(Decision) Friends of the San Luis, Inc., Plaintiff v. Archdiocese of St. Louis, etc., et al., Defendants

Missouri Circuit Courth San Luis Demolition Decision

You don’t care to read the entire opinion (it’s only five pages)? Here is the basic legal reasoning employed in the dismissal of the suit:

Plaintiff presents evidence of no direct injury to its own interests, pecuniary or otherwise, as a result of the demolition. Plaintiff’s office is not within the historic district embracing defendants’ building; it owns no property adjacent to defendants’ building, or otherwise so situated as to be exposed to any injury from the demolition process; none of its board members have any different stake in this lawsuit. Nevertheless, plaintiff contends that, as a resident of the City of St. Louis, it has standing to seek enforcement of the City’s preservation ordinance.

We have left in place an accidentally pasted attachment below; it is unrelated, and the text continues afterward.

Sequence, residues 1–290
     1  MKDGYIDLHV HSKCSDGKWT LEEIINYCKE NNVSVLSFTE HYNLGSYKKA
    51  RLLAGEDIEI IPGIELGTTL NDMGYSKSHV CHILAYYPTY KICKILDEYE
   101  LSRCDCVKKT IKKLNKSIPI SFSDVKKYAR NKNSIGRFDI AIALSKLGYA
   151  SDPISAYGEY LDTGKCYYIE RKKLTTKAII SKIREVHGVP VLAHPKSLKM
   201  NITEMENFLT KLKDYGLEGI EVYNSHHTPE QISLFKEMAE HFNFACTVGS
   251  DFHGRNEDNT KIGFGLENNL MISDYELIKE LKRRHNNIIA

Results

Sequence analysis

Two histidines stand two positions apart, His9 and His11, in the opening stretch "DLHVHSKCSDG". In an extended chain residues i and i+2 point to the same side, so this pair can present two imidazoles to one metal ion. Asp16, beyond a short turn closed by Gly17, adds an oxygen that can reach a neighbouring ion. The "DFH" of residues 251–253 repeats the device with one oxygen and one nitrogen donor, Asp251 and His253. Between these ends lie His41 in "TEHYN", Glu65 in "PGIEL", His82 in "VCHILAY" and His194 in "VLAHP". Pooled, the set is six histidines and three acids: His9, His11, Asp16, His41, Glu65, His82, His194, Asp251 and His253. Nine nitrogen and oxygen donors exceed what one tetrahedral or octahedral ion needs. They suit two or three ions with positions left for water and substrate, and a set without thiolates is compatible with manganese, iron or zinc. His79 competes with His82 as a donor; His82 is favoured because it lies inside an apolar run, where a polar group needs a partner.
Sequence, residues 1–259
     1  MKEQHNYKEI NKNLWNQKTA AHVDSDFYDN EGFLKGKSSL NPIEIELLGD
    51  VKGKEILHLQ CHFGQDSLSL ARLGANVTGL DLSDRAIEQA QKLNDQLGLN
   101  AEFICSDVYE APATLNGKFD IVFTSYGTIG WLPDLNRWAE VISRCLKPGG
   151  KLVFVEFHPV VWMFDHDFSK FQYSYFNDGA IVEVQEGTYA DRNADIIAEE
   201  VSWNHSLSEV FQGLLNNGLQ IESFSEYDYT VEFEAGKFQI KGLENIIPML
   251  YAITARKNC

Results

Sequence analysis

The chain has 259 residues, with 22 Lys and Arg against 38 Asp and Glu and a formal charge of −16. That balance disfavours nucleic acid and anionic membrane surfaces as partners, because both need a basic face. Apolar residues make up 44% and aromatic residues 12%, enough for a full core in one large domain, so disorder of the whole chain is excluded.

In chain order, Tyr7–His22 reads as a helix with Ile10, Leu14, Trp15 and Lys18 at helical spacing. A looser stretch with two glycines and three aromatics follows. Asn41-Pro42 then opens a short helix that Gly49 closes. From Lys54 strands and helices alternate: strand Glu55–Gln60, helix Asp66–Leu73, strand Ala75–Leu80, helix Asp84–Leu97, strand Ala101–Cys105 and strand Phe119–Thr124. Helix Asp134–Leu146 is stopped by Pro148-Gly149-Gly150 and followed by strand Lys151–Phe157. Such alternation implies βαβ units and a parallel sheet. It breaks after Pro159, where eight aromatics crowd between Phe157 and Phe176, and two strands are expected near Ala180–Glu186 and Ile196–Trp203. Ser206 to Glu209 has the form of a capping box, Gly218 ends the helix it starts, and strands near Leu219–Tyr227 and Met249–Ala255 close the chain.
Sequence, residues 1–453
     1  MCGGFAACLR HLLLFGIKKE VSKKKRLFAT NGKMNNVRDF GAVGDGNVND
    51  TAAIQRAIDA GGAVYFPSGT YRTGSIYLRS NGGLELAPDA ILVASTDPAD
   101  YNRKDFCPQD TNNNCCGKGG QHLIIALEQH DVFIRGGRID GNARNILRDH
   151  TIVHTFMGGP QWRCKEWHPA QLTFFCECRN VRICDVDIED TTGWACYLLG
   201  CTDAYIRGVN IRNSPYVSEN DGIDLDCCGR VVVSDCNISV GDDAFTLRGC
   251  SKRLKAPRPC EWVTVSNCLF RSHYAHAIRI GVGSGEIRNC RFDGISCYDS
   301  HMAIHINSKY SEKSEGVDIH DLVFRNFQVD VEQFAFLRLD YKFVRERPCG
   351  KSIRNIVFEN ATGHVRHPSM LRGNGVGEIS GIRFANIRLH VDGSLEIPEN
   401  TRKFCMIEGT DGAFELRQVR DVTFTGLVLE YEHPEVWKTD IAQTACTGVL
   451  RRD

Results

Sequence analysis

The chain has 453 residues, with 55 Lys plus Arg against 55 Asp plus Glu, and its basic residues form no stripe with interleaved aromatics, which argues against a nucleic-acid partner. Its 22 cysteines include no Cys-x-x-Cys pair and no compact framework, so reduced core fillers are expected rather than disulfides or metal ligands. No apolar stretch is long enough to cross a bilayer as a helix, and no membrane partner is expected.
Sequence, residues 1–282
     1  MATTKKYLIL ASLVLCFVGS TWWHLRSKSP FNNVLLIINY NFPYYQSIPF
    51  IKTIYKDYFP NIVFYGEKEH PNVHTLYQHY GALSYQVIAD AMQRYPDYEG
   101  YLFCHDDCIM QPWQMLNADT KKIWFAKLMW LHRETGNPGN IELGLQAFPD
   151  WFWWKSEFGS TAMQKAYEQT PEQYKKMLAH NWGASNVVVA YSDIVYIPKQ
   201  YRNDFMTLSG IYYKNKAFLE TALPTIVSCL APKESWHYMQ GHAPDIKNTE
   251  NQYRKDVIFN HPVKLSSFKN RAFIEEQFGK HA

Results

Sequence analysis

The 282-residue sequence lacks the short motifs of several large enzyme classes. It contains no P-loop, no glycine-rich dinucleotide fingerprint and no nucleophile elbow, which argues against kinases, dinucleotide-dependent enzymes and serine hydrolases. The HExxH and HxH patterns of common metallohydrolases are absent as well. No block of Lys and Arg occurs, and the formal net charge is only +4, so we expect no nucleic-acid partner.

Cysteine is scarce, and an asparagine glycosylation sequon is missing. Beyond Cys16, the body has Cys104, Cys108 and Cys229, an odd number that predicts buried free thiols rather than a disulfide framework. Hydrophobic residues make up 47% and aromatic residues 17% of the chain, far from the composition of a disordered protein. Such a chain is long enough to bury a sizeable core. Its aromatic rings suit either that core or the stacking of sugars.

In other words, in order to establish standing, the plaintiff (a) must have suffered an “injury in fact,” (b) must show a causal connection between the injury and the conduct complained of, and (c) must show that it is likely that the injury may be redressed.

It is patent that plaintiff lacks standing. Plaintiff has not shown any pecuniary or personal interest, other than its generalized interest in preservation of “historic” structures in the City of St. Louis, that is directly in issue or jeopardy and which can be the subject of some consequential relief. Contrary to plaintiff’s assertions, nothing in Ordinance 64689 confers standing on anyone who wants to contest a demolition permit. The ordinance employs the classic administrative law phrase “person aggrieved,” in describing those who may seek review of a demolition permit before the Preservation Board. The ordinance itself recognizes that only a person “aggrieved,” i.e., who has standing, may prosecute an appeal.


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